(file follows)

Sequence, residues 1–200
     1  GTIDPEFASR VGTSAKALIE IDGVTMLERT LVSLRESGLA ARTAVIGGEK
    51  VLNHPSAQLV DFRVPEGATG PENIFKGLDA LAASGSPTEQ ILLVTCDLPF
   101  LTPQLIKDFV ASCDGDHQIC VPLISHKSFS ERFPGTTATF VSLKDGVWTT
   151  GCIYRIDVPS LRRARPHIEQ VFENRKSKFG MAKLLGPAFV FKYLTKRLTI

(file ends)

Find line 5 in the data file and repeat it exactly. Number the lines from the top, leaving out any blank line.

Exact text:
   151  GCIYRIDVPS LRRARPHIEQ VFENRKSKFG MAKLLGPAFV FKYLTKRLTI